● detection in the control program of the current HMI device operating mode
● detection in the control program of the HMI devices ready to communicate state
The "Coordination" area pointer has a length of two words.
Application
Note
The HMI device always writes the entire coordination area when updating the area pointer.
The control program may not make changes to the coordination area for this reason.
Assignment of bits in the "Coordination" area pointer
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Startup bit
The startup bit is set briefly to "0" by the HMI device during startup. It sets the bit
permanently to "1" when startup is completed.
Operating mode
The operating mode bit is set to 1 as soon as the user switches the HMI device offline. The
state of the operating mode bit is "0" during normal operation of the HMI device. You can
determine the current operating mode of the HMI device by reading this bit.
Life bit
The HMI device inverts the life bit at intervals of approximately one second. You can check
whether or not the connection to the HMI device is still up by querying this bit in the control
program.
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3.3.3.6
"Project ID" area pointer
Function
You can check whether the HMI device is connected to the correct PLC at the start of
runtime. This check is important when operating with several HMI devices.
The HMI device compares a value stored on the PLC with the value specified in
configuration data. This ensures compatibility of configuration data with the control program.
If discrepancy is detected, a system alarm is displayed on the HMI device and runtime is
stopped.
Application
Settings in configuration data required when using this area pointer:
● Define the version of configuration data. Possible values between 1 and 255.
Enter the version in the "Device settings ▶ Device settings" editor in "Project ID."
● Data address of the value for the version that is stored in the PLC:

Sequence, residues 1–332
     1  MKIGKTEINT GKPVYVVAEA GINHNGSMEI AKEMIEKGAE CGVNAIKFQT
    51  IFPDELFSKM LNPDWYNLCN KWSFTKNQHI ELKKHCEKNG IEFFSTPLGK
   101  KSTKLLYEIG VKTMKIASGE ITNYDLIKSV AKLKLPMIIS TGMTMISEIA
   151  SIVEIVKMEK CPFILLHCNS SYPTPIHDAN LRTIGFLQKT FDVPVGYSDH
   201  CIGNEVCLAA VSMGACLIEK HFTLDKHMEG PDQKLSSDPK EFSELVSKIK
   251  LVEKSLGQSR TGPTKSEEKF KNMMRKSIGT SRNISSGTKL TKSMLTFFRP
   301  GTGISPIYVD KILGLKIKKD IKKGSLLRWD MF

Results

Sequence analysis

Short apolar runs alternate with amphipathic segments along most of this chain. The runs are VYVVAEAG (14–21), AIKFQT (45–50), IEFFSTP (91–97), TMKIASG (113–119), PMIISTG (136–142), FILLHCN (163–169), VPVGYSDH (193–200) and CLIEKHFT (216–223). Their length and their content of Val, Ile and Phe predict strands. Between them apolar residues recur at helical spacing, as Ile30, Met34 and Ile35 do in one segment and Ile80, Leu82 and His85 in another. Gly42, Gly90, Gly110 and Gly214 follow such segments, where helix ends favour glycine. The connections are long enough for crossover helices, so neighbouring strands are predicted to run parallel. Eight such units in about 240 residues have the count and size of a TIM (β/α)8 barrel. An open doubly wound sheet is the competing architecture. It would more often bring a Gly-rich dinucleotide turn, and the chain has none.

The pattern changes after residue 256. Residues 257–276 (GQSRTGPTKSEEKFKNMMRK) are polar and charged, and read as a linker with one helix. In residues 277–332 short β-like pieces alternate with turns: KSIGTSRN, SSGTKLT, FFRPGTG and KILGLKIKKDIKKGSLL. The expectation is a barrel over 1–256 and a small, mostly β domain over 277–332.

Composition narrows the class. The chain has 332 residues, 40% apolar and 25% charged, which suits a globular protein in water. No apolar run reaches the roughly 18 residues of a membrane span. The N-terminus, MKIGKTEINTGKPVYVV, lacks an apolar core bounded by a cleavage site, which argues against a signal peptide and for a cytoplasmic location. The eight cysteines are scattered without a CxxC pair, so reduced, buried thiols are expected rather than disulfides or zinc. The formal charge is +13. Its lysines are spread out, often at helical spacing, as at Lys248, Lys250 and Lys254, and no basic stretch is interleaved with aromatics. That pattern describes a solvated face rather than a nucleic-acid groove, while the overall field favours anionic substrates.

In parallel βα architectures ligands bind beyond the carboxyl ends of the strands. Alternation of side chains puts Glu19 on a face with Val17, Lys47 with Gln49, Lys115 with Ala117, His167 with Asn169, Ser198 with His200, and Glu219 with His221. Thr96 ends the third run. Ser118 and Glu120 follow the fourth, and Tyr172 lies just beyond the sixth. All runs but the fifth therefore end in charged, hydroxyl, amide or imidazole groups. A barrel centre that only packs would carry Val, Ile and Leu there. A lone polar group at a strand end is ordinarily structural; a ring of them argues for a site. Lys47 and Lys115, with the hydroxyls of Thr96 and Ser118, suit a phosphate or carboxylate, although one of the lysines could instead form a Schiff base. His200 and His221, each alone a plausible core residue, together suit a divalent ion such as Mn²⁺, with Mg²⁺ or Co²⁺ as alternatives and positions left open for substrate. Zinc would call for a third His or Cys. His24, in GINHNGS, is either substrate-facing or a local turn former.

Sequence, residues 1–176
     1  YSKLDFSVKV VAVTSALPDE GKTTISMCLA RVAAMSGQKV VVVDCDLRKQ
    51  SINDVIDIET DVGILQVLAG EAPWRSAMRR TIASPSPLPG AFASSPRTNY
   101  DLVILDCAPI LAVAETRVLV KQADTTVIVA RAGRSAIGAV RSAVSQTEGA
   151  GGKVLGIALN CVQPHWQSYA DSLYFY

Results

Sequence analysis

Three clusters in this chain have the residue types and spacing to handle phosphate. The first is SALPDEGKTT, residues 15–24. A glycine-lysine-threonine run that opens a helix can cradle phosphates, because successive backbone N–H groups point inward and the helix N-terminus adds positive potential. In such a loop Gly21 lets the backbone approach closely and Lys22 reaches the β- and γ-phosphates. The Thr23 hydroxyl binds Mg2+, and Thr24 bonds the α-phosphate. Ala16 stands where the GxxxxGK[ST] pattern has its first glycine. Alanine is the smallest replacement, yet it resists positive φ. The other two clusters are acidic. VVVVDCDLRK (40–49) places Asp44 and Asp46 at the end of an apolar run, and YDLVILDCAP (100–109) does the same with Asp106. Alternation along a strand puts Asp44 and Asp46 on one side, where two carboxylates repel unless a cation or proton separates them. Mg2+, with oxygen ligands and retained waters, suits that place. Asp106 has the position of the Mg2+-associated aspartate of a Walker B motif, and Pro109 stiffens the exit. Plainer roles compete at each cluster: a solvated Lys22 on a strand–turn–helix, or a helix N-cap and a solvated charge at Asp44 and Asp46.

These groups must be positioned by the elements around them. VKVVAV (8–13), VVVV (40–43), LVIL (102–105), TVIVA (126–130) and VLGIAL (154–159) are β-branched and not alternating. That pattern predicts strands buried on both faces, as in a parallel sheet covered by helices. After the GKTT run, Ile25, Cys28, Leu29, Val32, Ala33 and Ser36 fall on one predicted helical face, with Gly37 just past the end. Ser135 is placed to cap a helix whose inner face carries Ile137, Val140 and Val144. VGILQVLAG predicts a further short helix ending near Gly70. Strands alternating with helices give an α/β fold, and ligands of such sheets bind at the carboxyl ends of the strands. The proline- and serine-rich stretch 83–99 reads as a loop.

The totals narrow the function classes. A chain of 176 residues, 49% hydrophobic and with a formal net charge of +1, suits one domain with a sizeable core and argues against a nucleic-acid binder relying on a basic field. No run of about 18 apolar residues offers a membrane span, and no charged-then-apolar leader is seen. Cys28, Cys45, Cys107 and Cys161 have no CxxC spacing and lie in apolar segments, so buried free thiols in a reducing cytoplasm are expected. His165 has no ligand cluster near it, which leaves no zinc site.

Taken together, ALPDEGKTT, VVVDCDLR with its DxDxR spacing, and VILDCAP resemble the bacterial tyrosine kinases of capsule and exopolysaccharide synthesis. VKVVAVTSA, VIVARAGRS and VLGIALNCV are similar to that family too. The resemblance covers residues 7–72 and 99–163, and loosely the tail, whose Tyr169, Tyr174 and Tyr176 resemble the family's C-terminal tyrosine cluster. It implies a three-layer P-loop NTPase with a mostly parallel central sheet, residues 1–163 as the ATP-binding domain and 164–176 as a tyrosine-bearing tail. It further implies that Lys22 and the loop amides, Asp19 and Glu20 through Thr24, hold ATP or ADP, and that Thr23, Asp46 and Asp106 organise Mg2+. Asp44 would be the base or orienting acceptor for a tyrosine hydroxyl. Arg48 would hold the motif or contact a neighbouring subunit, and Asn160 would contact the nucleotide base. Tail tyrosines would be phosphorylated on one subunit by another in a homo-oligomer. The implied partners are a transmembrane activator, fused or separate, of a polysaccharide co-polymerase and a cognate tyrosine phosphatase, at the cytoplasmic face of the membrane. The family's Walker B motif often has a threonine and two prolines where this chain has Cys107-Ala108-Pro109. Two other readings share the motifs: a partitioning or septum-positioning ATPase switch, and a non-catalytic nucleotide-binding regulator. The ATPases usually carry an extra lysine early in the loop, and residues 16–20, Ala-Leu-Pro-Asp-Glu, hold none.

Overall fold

Enter the data address in the "Communication ▶ Connections" editor in "Address."
Connection failure
A connection failure to a device on which the "project ID" area pointer is configured results in
all the other connections in the project being switched to "offline".
This behavior has the following prerequisites:
● You have several configured connections in a project.
● You are using the "project ID" area pointer in at least one connection.
Causes which may set connections "offline":
● The PLC is not available.
● The connection has been switched offline in the engineering system.
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3.3.3.7
"Job mailbox" area pointer
Function
The PLC can use the job mailbox to transfer jobs to the HMI device to trigger corresponding
actions on the HMI device. These functions include, for example:
● Display screen
● Set date and time
Data structure
The first word of the PLC job mailbox contains the job number. Up to three parameters can
be transferred, depending on the PLC job.
Word
Left byte
Right byte
n+0
0
Job number
n+1
Parameter 1
n+2
Parameter 2
n+3
Parameter 3
The HMI device evaluates the PLC job if the first word of this job is unequal to zero. This
means that the parameters must be entered in the PLC job first, followed by the job number.
When the HMI device accepts the PLC job, the first word is set to 0 again. The execution of
the PLC job is generally not completed at this point in time.
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PLC jobs
All PLC jobs and their parameters are listed below. The "No." column contains the PLC job
number. PLC jobs can only be triggered by the PLC when the HMI device is online.
Note
Note that certain HMI devices do not support PLC jobs. TP 170A and Micro Panel do not
support PLC jobs, for example.
No.
14
15
23
Function
Setting the time (BCD coded)
Parameter 1
Left byte: Right byte: hours (0-23)
Parameter 2
Left byte: minutes (0-59)
Right byte: seconds (0-59)
Parameter 3
-
Setting the date (BCD coded)
Parameter 1
Left byte: Right byte: weekday (1-7: Sunday-Saturday)
Parameter 2
Left byte: day (1-31)
Right byte: month (1-12)
Parameter 3
Left byte: year
User logon
Logs the user on with the name "PLC user" at the HMI device with the group number
transferred in Parameter 1.
The logon is possible only when the transferred group number exists in the project.
24
Parameter 1
Group number 1 to 255
Parameter 2, 3
-
User logoff
Logs off the current user.
The function corresponds to the "logoff" system function)
Parameter 1, 2, 3
40
-
Transfer date/time to PLC
(in the S7 format DATE_AND_TIME)
An interval of at least 5 seconds must be maintained between successive jobs in order to
prevent overload of the HMI device.
Parameter 1, 2, 3
41
-
Transfer date/time to PLC
(In OP/MP format)
An interval of at least 5 seconds must be maintained between successive jobs in order to
prevent overload of the HMI device.
Parameter 1, 2, 3
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No.
46
Function
Update tags